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Digital Marketplace: Metal Networks.AI

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MCN Editor Dan Markham Metal Networks’ software is designed to help service centers improve inventory management.

Metal Networks.AI is expanding the alphabet with its entry into the digital marketplace. The emerging technology company wants to be the enterprise that connects metal distributors with other distributors, helping them streamline their sales and purchasing process.

“Service Centers are in the business of serving their customers’ needs and not serving their inventories,” says Akbar Khowaja, General Manager and Partner of Metal Networks.AI.

Unlike some other recent entries into the ecommerce space, Metal Networks.AI is not directly competing with other platforms. In fact, the company defines itself entirely differently than those enterprises. 

“We don’t aspire to be a distributor. We are a software company and we believe that our products can help businesses reduce inventory risk, increase turns and help with downturns like today where supply is messed up,” he says. One of the motivations for Metal networks.AI in developing these tools was to empower the industry participants in warding off threats from predatory digital behemoths. 

MetalNetworks.AI has already launched two separate products, with a third anticipated in the coming months. 

The first is the Metals Search Engine, a program developed with JAQI AI. Driven by machine learning, the search engine makes it quicker and easier to find unfinished and semi-finished metal products in other ecommerce applications, such as webstores. The search engine can convert common industry shorthand into searchable terms at breakneck speed, the company claims.

The JAQI search can find more than 50 different metal products simultaneously in under 18 seconds. It supports all types of metal products, including sheet, plate, bars and beams, among many others. 

Khowaja is quick to note the company’s products are not a substitute for an ERP system, but an add-on to existing ERP or other software systems. They work on top of existing software programs. 

Most meaningfully, the search engine works off emails. Users can simply copy and paste the inquiries in the body of an email into the search feature, and the system will decipher the text and use it to search a catalog or inventory database.

The search engine also serves as a tool in the second application, the company’s quoting platform, which the company describes as “an intelligent tool for sales teams to quickly generate accurate quotes.” The application has a customizable dashboard and a built-in CRM and price optimization features. 

Metal Networks.AI’s distributor marketplace – the D2D Buyout Marketplace – will be its third offering. Currently under development, the marketplace will offer a streamlined process for buyouts, and allow participants to find potential suppliers and close deals faster while improving inventory turns, the company claims. “Our buyout marketplace takes the pain away from buyouts and reduces the turn-around time from two to three days to under a few hours,” he claims.

Transactions are merely initiated on the Marketplace, but not consummated there. The system provides members the opportunity to see material availability and all of the relevant data – size, shape, quantity, location, shipping, etc., from potential sellers, anonymously if desired. If the information appeals to the parties, they can complete the final purchase transactions offline.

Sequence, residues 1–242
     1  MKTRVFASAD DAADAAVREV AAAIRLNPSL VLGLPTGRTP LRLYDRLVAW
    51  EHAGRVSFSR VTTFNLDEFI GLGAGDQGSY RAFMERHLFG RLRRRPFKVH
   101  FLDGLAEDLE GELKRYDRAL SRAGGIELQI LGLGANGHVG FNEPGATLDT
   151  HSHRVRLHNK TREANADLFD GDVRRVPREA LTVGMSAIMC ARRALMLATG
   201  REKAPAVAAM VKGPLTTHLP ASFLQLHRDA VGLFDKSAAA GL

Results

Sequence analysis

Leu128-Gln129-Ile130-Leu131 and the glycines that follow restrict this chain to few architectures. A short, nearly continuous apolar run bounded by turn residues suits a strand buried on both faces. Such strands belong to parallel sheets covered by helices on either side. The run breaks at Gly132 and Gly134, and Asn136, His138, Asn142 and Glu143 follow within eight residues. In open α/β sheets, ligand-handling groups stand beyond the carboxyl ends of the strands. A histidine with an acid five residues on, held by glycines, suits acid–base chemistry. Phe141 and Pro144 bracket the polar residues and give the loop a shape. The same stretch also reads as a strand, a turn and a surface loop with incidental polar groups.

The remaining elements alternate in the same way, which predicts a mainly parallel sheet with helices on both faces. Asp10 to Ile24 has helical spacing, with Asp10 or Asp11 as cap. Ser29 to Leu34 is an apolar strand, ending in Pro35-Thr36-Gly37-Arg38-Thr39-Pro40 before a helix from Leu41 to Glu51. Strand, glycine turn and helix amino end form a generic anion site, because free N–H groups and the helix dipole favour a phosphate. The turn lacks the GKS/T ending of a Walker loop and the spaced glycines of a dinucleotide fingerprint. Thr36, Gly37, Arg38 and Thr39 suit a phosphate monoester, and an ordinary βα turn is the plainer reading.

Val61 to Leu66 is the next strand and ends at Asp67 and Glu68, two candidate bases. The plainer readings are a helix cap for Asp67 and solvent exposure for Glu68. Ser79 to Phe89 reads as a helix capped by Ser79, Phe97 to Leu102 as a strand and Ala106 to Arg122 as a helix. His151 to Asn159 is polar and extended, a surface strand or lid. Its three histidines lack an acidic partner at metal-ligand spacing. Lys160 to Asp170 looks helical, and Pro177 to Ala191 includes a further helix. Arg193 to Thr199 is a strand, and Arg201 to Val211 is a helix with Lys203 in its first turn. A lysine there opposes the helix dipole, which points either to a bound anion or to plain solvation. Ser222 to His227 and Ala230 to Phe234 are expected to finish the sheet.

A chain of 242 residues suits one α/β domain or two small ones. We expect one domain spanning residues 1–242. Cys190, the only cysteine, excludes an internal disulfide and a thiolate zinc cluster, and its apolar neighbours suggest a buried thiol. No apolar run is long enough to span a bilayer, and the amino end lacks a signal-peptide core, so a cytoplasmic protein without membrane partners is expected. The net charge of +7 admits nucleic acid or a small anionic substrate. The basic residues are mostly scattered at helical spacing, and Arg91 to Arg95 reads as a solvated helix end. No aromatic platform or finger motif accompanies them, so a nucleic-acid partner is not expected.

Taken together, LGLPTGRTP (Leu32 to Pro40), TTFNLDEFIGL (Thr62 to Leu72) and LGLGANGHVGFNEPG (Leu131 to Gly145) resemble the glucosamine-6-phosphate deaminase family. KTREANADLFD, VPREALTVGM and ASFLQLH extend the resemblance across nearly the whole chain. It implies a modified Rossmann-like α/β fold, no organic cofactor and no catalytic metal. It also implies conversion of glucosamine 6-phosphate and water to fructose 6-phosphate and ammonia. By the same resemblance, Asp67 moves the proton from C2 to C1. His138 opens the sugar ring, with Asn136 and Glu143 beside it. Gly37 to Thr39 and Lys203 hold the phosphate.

The absence of monetary transactions on the platform also means no transaction fees, a unique feature for the site. 

Individual salespersons or buyers can opt for an individual subscription, which is free. The individual subscription allows a single user to access the site, to use the search engine, send RFQs and receive quotes from his or her established contacts
The company expects to generate revenues through a monthly membership fee from its corporate clients. Corporate membership allows multiple users, purchasing agents and salespeople from a company to have access to selected company-wide data, including quoting history. The corporate subscription involves a monthly fee and provides more services.  “If it’s a service center with multiple team members involved in buyouts, they all can be on the platform and work collaboratively.  

“Once you send an RFQ, you can track the responses, review the quotes and system-generated ranking and then award the bid – all in a few clicks.  The dashboard and quote history gives you visibility on buyout metrics so the procurement team has better information when managing inventory,” he says.

One of the appeals of the free individual subscription is it allows the smaller distribution company to benefit from the technological revolution, rather than restrict that advantage to the larger players in the space. 

Over a period of time, users will be able to build on the data that has been collected. Dashboards will show a variety of information, from simple facts such as the top items or salespeople to identifying geographic hotspots for the company’s products that could become a place for a future distribution center. “Besides being a productivity tool, it will provide distributors with the data and insights to support their growth strategies,” Khowaja says.